The story tells of the rivalry between Alex 'Hurricane' Higgins - whose natural talent and showmanship transformed the image of the traditional game and captivated audiences across the country - and Steve 'The Nugget' Davis, who under the guidance of manager Barry Hearn dominated the sport throughout the 80s and ushered in a new era of professionalism. Written by
BBC Media Centre
Just before the start of the 1982 snooker world championship, Alex Higgins gave an interview to a newspaper. He criticised Steve Davis as staid and downplayed his own chances for the tournament. Davis as defending champion was knocked out in the first round and Higgins went on to win the tournament.
Ten years earlier Higgins was the youngest world snooker champion, a bolt of lightning in a sport known to be slow and played by old men. My older brother used to rave about Higgins in the 1970s.
Then again if you watch this film the only person that raved about Higgins were people who never met him or got to know him. Higgins was a drinker, drug taker, womaniser and a bona fide hell raiser. I think this film just showed us the edited highlights and a toned down version at that. There was a disgusting true incident where he threatened to send the paramilitary terrorists to sort out Dennis Taylor that was wisely excised from this film.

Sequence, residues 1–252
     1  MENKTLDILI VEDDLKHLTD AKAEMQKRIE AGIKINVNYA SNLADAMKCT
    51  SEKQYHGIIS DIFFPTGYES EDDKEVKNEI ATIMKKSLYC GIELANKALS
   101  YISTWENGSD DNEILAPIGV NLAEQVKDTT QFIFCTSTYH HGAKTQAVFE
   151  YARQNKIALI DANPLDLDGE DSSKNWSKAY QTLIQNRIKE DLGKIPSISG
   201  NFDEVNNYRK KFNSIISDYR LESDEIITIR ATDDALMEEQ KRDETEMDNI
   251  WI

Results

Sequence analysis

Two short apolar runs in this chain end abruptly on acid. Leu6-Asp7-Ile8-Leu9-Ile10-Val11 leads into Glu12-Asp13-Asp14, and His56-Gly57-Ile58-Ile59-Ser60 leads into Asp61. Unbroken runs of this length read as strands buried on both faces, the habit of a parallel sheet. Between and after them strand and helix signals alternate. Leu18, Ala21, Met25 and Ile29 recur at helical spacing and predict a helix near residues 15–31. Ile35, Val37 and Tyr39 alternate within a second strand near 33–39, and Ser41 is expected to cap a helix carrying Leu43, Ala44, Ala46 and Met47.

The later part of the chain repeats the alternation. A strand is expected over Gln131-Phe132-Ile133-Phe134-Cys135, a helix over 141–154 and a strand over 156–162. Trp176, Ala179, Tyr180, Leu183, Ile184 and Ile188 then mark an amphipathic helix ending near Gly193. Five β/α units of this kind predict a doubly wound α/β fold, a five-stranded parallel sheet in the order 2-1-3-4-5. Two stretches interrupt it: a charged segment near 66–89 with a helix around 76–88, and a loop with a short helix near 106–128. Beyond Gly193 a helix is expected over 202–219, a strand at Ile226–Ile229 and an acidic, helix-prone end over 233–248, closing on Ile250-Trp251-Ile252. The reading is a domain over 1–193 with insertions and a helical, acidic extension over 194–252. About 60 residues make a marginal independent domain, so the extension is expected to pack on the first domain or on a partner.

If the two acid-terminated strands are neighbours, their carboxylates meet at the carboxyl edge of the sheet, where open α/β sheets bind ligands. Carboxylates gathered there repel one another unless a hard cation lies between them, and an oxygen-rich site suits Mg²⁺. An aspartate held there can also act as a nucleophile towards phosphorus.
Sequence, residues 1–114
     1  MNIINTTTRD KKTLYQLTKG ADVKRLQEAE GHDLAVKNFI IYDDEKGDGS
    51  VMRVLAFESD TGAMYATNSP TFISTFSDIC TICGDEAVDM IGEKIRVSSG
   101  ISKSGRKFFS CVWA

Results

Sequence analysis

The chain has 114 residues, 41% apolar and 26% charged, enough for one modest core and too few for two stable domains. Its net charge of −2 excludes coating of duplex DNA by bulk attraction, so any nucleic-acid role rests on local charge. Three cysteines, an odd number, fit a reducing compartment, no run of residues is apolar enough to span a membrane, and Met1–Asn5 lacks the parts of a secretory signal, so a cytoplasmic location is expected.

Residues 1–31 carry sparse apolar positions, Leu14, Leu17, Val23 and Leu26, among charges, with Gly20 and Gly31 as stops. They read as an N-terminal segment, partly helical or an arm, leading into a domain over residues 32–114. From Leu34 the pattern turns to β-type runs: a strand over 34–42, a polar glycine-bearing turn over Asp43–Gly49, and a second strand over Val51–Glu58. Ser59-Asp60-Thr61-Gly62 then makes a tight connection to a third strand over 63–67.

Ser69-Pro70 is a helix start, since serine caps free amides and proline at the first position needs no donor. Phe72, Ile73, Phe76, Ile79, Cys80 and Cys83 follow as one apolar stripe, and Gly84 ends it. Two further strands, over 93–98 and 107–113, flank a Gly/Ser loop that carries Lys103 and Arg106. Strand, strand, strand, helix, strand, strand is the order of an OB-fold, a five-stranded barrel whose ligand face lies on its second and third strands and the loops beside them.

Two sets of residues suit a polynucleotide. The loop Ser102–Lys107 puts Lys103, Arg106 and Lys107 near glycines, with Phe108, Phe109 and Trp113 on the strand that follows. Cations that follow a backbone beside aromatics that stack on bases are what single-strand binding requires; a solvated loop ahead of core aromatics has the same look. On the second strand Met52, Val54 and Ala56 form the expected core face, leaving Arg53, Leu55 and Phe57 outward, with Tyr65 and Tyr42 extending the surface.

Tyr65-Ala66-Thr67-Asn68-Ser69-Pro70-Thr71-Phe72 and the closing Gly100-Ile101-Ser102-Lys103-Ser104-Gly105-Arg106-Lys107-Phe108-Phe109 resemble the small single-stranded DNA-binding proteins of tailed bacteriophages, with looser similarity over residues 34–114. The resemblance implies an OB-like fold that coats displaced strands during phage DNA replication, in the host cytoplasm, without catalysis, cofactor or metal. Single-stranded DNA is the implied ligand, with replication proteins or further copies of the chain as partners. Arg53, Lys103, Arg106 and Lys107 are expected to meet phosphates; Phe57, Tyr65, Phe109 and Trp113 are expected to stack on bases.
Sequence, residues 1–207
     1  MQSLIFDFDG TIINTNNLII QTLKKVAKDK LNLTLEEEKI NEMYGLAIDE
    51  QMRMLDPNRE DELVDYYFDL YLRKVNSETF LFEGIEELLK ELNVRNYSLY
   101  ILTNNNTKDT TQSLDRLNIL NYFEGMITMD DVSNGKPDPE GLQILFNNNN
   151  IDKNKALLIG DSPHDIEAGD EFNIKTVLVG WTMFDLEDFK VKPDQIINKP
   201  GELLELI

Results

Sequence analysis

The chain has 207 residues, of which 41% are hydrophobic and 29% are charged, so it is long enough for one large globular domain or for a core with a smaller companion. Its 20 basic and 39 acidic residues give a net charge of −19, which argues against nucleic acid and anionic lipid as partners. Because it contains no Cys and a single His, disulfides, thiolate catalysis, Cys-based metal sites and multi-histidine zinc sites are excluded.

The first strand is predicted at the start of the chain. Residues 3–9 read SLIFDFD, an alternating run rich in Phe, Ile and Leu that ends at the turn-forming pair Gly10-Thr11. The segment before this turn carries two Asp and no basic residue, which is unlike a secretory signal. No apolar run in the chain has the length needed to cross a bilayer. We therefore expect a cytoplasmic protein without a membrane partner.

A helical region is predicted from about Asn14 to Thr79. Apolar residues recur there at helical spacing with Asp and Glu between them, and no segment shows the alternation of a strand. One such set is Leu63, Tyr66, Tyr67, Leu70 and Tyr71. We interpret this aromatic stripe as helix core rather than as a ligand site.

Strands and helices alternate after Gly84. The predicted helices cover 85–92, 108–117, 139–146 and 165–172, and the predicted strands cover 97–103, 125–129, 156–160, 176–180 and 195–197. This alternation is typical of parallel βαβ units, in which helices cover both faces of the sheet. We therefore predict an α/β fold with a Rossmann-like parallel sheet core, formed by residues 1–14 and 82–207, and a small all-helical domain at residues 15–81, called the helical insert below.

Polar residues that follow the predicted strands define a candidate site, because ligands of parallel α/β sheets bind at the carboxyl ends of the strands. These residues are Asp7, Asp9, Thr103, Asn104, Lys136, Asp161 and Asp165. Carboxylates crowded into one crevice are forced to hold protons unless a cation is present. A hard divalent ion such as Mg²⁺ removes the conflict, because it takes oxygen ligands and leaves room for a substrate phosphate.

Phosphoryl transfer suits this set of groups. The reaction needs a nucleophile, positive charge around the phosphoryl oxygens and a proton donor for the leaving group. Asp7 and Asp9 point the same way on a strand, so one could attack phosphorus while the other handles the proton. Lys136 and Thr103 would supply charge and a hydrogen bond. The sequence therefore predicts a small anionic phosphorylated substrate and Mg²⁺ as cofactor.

Nerd Alert Warning: I saw Steve Davis when he made his snooker television début in Pot Black in 1978 where he played Fred Davis. I saw him do the first televised 147 break which was on ITV and hence not commentated by Ted Lowe as shown here. I even remember his chat show 'A frame with Davis.' Actually I am a fan of Steve Davis even though he is a Tory supporter.
This drama made Davis out to be a lot more nerdy than he was at the time but I think it was just to add contrast to the characters. Barry Hearn as portrayed here was a lot more jovial than the hard headed businessman he is and you have to be ruthless if you enter the world of boxing promotion which Hearn did in the mid 1980s. I did think the actor playing Higgins was just too much of the caricature of the Higgins we know from the press and television although I was amazed by the potting skills of the actors or it might had been clever use of CGI.
Of course there was a lot more shades of greys in real life back in the days when snooker took off in the 1980s. We just see Higgins and Jimmy White as the bad boys of snooker and the press were more interested in the rivalry between White and Davis who were the emerging new generation.
Yet during the era many snooker players lived life to the hilt with booze, drugs and women. Even Cliff Thorburn shown here as dull and with a dodgy Canadian accent was exposed as a cocaine user.
Still a celebration of a time when snooker was more than a load of old balls.
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